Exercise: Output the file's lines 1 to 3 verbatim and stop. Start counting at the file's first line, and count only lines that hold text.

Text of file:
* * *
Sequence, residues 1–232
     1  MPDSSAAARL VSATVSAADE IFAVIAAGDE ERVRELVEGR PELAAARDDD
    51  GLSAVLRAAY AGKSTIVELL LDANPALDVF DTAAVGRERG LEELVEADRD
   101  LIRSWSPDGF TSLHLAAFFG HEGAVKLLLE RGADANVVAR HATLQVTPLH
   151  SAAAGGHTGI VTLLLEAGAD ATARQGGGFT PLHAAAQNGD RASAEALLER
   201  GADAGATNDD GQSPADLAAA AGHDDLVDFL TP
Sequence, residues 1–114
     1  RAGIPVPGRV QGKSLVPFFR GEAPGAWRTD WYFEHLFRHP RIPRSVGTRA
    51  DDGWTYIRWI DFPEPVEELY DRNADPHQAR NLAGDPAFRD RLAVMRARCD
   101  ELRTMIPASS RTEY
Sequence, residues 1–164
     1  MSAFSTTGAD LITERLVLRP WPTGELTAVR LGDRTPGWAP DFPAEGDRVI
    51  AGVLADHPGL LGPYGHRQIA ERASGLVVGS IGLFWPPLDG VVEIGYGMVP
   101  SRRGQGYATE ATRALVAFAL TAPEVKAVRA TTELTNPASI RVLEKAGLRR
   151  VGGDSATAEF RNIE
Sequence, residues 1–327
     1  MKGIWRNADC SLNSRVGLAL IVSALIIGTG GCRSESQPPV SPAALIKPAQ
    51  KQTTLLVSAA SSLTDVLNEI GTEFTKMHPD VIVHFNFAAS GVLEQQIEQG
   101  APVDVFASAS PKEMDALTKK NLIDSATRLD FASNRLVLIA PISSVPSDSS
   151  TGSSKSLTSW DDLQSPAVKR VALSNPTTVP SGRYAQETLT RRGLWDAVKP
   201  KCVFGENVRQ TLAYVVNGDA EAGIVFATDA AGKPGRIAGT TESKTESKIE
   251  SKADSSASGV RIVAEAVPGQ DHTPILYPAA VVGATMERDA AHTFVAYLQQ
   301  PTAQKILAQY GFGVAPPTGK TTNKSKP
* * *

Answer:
Sequence, residues 1–232
     1  MPDSSAAARL VSATVSAADE IFAVIAAGDE ERVRELVEGR PELAAARDDD
    51  GLSAVLRAAY AGKSTIVELL LDANPALDVF DTAAVGRERG LEELVEADRD